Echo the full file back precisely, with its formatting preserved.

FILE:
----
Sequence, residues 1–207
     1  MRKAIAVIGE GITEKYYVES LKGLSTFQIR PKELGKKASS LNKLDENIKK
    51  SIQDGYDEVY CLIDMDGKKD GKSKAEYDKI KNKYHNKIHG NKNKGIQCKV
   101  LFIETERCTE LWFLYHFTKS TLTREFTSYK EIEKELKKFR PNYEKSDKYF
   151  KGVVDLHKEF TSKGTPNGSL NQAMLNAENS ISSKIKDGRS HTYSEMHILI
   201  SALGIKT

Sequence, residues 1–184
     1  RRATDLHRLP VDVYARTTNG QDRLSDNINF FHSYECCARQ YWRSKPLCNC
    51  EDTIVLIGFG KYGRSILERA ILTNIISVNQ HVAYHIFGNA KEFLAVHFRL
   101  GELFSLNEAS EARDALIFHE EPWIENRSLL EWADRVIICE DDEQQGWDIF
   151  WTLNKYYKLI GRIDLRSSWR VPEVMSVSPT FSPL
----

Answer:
Sequence, residues 1–207
     1  MRKAIAVIGE GITEKYYVES LKGLSTFQIR PKELGKKASS LNKLDENIKK
    51  SIQDGYDEVY CLIDMDGKKD GKSKAEYDKI KNKYHNKIHG NKNKGIQCKV
   101  LFIETERCTE LWFLYHFTKS TLTREFTSYK EIEKELKKFR PNYEKSDKYF
   151  KGVVDLHKEF TSKGTPNGSL NQAMLNAENS ISSKIKDGRS HTYSEMHILI
   201  SALGIKT

Sequence, residues 1–184
     1  RRATDLHRLP VDVYARTTNG QDRLSDNINF FHSYECCARQ YWRSKPLCNC
    51  EDTIVLIGFG KYGRSILERA ILTNIISVNQ HVAYHIFGNA KEFLAVHFRL
   101  GELFSLNEAS EARDALIFHE EPWIENRSLL EWADRVIICE DDEQQGWDIF
   151  WTLNKYYKLI GRIDLRSSWR VPEVMSVSPT FSPL